Who Are the Terrorists, The Knights Templar or the Self-Defense Groups? via José Gil Olmos @ Proceso/Mexico Voices [translated by Janine Rhyans]

Chapo and the Sinaloa Cartel

The Narco of Narcos: A Profile of Fugitive Mexican Druglord Rafael Caro-Quintero via Malcolm Beith @ Combating Terrorism Center [a great read from last month, lots of narco-history]

Why aren’t we putting US agencies on trial for financing El Chapo’s drug war? via Gabriel Matthew Schivone @ The Guardian [Answer: impunity]

Zambada Niebla’s Plea Deal, Chapo Guzman’s Capture May Be Key To An Unfolding Mexican Purge via Bill Conroy @ Narco News [Conroy is on-point as always]

Analyst: Sinaloa cartel losing power in Juárez via Lorena Figueroa @ The El Paso Times

Upset About A Controversial Narco Deal, Mexico Reaffirms It Will Not Extradite Drug Kingpin El Chapo Guzmán To The U.S. via Dolia Estevez @ Forbes

Violent disunity in the Gulf Cartel, Beltran Leyva Organization’s second-in-command captured

Cartel clashes in Tamaulipas boost concerns ahead of Semana Santa via Ildefonso Ortiz @ The Monitor

Cartel violence ramps up in Mexican border state of Tamaulipas via Alfredo Corchado @ Dallas Morning News

Cartel Truce Is Broken via Mireya Cuéllar @ La Jornada/Mexico Voices [translated by Jane Brundage]

Beltran Leyva cartel figure and a Michoacan mayor arrested in Mexico via Richard Fausset and Cecilia Sanchez @ The Los Angeles Times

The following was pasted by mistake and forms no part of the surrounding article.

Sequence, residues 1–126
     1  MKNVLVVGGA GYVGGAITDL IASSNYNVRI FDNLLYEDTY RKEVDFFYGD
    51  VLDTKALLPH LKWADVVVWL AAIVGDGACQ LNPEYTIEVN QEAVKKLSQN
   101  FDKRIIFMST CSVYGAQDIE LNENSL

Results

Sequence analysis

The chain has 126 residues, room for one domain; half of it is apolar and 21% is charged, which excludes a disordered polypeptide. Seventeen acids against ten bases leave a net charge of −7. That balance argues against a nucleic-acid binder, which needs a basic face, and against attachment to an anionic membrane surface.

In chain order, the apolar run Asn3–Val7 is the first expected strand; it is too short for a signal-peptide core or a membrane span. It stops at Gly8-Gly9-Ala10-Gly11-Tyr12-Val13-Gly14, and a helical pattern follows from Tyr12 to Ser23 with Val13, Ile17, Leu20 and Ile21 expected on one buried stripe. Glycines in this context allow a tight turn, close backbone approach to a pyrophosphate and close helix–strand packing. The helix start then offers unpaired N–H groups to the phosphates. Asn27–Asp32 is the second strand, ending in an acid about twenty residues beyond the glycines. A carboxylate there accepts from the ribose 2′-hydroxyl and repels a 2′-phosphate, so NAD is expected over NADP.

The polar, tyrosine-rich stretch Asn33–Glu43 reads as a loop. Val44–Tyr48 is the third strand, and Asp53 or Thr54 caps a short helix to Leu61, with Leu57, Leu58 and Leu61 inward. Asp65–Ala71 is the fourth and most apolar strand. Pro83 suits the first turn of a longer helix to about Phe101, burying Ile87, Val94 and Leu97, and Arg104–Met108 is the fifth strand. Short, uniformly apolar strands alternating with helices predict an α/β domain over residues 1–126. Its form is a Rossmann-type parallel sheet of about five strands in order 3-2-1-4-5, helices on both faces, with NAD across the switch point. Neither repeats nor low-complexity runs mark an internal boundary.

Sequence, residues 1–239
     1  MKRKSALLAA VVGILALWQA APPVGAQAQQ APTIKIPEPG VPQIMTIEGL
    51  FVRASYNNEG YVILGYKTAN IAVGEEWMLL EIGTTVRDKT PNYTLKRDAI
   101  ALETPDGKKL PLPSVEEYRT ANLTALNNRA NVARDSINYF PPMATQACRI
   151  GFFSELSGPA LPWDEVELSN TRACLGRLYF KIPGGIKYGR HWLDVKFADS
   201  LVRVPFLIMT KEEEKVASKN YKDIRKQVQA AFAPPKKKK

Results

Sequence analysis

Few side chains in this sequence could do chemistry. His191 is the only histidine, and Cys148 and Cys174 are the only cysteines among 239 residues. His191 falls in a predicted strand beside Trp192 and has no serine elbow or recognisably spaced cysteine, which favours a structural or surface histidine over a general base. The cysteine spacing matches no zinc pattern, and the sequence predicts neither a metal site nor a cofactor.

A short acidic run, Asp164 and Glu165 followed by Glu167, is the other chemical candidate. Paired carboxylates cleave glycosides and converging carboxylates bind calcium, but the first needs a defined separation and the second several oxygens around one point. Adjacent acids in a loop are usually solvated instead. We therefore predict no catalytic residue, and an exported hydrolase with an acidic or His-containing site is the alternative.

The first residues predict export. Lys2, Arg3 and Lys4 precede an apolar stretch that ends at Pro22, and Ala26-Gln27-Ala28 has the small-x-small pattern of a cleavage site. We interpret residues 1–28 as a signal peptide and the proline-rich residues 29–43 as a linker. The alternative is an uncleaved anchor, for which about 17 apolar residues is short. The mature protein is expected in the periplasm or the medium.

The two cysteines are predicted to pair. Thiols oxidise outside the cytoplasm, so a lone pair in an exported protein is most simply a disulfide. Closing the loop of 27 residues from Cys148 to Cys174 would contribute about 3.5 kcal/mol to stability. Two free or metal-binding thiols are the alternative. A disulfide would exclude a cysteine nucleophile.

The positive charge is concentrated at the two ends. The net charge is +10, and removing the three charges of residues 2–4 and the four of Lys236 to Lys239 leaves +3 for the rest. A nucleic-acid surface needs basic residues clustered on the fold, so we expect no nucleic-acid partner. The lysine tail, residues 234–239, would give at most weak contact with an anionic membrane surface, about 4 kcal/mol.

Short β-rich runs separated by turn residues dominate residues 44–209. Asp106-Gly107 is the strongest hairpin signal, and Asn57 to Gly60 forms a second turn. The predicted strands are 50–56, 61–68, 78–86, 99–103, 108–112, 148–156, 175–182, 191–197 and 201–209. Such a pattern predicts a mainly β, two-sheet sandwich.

Beltran-Leyva gang: No. 2 in Mexican drug cartel captured @ Associated Press/The Christian Science Monitor

Law-enforcement corruption in Miami-Dade and Hidalgo County

Miami-Dade cop accused of smuggling cocaine gets $500,000 bond via Jay Weaver @ Miami Herald

Former Sheriff Lupe Treviño Pleads Guilty to Money Laundering via Melissa del Bosque @ The Texas Observer

Former Sheriff Treviño: ‘I plead guilty, your honor’ via Ildefonso Ortiz @ The Monitor [features a comprehensive timeline, as well]

Border Corruption Back in Focus After Guilty Plea via Julián Aguilar @ The Texas Tribune

Former sheriff’s commander pleads guilty to bribery via Ildefonso Ortiz @ The Monitor

The borderland battlefield and Mexico’s narco-politics

Hoping for Asylum, Migrants Strain U.S. Border via Julia Preston @ The New York Times

New RGV Border Patrol chief to look to fight for more resources via Ildefonso Ortiz @ The Monitor

Mexico’s President Enrique Peña Nieto slumps in polls despite policy wins via Nick Miroff @ The Washington Post

Even the 99 percent get kidnapped in Mexico via Dudley Althaus @ Global Post

Mexico’s crime after the cartel squeeze via Sandra Dibble @ The San Diego Union-Tribune

I-35: A major artery to the nation’s drug trade via K. Mennem @ Hell On Earth blog

Border Patrol catches more than 80 immigrants hiding in huts in McAllen via Jared Taylor @ The Monitor


Hidalgo County corruption: Sheriff Guadalupe "Lupe" Treviño (center), his chief of staff Maria Patricia Medina (left), and Cmdr. Jose Padilla (right) involved in accepting and laundering drug cartel bribes.

Hidalgo County corruption: Sheriff Guadalupe “Lupe” Treviño (center), his chief of staff Maria Patricia Medina (left), and Cmdr. Jose Padilla (right) involved in accepting and laundering drug cartel bribes.